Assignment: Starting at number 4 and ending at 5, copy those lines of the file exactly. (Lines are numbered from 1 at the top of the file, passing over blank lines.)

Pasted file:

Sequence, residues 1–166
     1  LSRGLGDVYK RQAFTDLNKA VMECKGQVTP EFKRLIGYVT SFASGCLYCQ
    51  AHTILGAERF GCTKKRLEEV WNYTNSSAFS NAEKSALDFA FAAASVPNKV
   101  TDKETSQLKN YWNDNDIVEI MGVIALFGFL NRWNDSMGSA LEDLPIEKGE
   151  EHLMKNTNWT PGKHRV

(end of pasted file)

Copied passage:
   101  TDKETSQLKN YWNDNDIVEI MGVIALFGFL NRWNDSMGSA LEDLPIEKGE
   151  EHLMKNTNWT PGKHRV